The question “What makes a women’s watch” is about as easy to answer as the question “What makes a woman”. In other words, there isn’t an answer, unless we stick to the naïve methods of differentiating by external, biological or anatomical terms.

Now, we are intelligent, sentient beings whose personalities transcend the limits of gender. Our thoughts, beliefs and behaviours are not forced to align themselves strictly with our chromosomal makeup. (Casual observation of social interactions at your local bar on any Friday night may indicate otherwise, but that’s not really the level of civilisation we should be aspiring to.) To get straight to the point: in every single one of us, there are feminine and masculine qualities, the balance of which isn’t always reflective of what we’re packing under the old button and fly.

The gem-set Richard Mille RM011 Asia Edition chronograph, worn by a female admirer of the brand

So what makes a women’s watch? My answer — and I’ve been expounding on this for some years now — is that the term “women’s watch” shouldn’t exist. Neither should there be a separate division of “men’s watches”. Especially in light of modern timepieces, which echo the move in modern dress of closing the gap between gendered items, we should instead be talking about a spectrum of feminine and masculine watches — some clearly more to one extreme than the other, but all existing on the same continuum.

To the very last one, all Richard Mille watches fall in with this philosophy — there are no hard divisions between the masculine and feminine watches of the Richard Mille collection. Women wear aggressive, technical watches such as the RM 011 chronograph; men wear the diamond-encrusted RM 026. Say what you like about Richard Mille watches, they are progressive AF. These strong yet exuberantly designed watches have erased the lines that funnel our horological discourse into narrow XX/XY dichotomies.

The Clé de Cartier Flying Tourbillon, presented at Watches & Wonders 2015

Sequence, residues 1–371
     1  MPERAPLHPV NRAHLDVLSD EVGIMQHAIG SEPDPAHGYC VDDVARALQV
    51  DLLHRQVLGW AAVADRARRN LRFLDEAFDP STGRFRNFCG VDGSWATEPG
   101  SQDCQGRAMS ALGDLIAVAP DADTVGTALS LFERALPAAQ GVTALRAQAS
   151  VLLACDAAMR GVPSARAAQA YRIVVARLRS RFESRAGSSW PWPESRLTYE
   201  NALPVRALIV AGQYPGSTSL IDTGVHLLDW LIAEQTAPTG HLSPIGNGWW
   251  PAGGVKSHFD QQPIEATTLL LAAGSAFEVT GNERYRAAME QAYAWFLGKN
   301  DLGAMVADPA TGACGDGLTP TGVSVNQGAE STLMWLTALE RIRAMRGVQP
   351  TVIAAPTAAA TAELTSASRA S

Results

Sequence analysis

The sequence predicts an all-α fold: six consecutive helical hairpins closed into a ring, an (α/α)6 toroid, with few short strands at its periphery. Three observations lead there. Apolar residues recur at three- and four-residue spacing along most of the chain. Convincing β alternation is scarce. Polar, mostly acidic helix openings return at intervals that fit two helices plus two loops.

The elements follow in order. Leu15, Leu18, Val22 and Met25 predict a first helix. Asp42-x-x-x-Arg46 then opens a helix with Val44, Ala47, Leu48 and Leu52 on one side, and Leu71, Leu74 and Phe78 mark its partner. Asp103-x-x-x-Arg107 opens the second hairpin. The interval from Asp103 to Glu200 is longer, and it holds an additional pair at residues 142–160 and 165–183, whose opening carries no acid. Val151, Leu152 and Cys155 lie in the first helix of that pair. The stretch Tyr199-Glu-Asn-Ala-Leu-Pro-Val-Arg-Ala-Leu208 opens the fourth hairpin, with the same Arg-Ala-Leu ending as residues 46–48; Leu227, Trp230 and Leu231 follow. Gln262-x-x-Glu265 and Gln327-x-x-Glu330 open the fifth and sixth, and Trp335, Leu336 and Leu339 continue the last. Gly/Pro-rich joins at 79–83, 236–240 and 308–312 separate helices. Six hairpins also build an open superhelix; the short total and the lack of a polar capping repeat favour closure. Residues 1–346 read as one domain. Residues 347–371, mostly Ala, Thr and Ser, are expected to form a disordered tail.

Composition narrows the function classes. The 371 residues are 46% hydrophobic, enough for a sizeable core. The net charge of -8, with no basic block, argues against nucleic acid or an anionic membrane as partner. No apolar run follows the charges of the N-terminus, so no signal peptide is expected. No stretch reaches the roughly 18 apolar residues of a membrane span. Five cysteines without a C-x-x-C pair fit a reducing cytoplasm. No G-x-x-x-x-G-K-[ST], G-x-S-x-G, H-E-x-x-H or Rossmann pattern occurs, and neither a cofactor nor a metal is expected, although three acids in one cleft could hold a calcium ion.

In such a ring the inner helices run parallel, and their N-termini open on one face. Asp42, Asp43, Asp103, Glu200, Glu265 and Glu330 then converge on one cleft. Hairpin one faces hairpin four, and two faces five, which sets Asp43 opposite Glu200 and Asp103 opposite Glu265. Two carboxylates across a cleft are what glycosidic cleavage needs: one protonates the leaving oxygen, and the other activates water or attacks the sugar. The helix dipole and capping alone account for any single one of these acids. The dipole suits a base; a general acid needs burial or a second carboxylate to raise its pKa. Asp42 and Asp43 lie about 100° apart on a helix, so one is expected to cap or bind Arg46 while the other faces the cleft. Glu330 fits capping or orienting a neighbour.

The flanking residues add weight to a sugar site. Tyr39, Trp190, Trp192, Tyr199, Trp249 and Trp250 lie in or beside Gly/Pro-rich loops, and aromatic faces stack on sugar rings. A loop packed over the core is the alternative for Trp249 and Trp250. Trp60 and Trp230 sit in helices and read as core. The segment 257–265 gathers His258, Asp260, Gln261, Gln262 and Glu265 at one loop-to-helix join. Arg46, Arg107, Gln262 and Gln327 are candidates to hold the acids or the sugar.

If asked, most people will say that diamonds or gems are a key feature of what feminises a watch. Perhaps they think that the addition of precious stones is necessary to attract women. Presumably men are never drawn by sparkly or shiny things, and someone should tell all those strippers down at the club to stop wasting money on body glitter.

Apart from being incredibly sexist and condescending, this poorly considered point of view completely ignores the fact that throughout the centuries (and, indeed, millennia) of human history, it is men — popes, dukes, pharaohs, maharajahs, caliphs, kings, cardinals, merchant princes — who have worn some of the most elaborate and sumptuous pieces of jewellery ever created.

The Maharajah of Patiala (1891–1938), wearing the fabulous Patiala Necklace by Cartier

The historical royal commissions of Cartier bear this out, and to this day the French maison continues to cleave to their heritage in creating gem-set complicated watches designed for the larger masculine wrist.

Jewellery and jewels weren’t symbols of femininity, they were symbols of virility and power in the most old-school way imaginable. Hence the term “family jewels” to refer to the psychological seat and hormonal source of masculinity. And these museum-worthy pieces of jewellery were worn by real men, during a time when life was far more brutal and harsh than we 21st-century pansies could ever tolerate.

So take all those ideas about gem-set watches and stick them in the same place we left things like geocentrism and emails from munificent Nigerian princes. Women can wear gem-set watches. Men can wear gem-set watches. Essentially, people can wear whatever they like. Isn’t this whole point of living in an advanced time? That we’re actually ahead of people who lived in the past?

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